Why does your temperature fluctuate when you have a fever?
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Question from Lauren Lancaster
When you have an infection, your body produces white blood cells to fight it. These affect your hypothalamus, the area of your brain that controls body temperature, causing you to heat up. In response your blood vessels tighten, causing your outer layer of skin to cool and your muscles to contract, making you shiver. Shivering produces more heat, raising your temperature again.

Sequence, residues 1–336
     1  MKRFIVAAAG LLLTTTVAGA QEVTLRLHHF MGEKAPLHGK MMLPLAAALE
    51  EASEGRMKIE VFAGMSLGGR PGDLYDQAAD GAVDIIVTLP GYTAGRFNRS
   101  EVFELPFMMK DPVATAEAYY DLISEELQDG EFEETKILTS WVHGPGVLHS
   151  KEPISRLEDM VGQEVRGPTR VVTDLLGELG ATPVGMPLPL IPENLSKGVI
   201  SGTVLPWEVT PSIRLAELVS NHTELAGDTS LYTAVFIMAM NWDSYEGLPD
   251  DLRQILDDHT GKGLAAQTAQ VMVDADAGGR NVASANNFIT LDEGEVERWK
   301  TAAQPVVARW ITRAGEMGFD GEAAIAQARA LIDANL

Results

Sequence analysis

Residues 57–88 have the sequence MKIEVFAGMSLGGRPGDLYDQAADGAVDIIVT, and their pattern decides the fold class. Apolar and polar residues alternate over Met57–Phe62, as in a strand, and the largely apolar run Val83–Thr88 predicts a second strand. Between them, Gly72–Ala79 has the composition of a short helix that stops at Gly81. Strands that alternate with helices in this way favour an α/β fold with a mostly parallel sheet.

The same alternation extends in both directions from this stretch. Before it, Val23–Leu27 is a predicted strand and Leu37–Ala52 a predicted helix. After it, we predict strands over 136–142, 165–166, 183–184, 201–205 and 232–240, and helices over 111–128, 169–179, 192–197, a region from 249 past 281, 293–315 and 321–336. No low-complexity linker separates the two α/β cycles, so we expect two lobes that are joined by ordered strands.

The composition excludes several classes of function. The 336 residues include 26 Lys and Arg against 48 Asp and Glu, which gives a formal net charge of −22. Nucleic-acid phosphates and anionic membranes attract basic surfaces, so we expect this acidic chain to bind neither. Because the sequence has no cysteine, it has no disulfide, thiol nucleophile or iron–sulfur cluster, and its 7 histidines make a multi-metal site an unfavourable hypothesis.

Later, the amount of heat you lose and make levels out and your body stays at a high temperature. When you’ve fought off the infection, your blood vessels open up and you sweat, cooling you down again.
Answered by Jo Stass for Brain Dump in How It Works issue 123.
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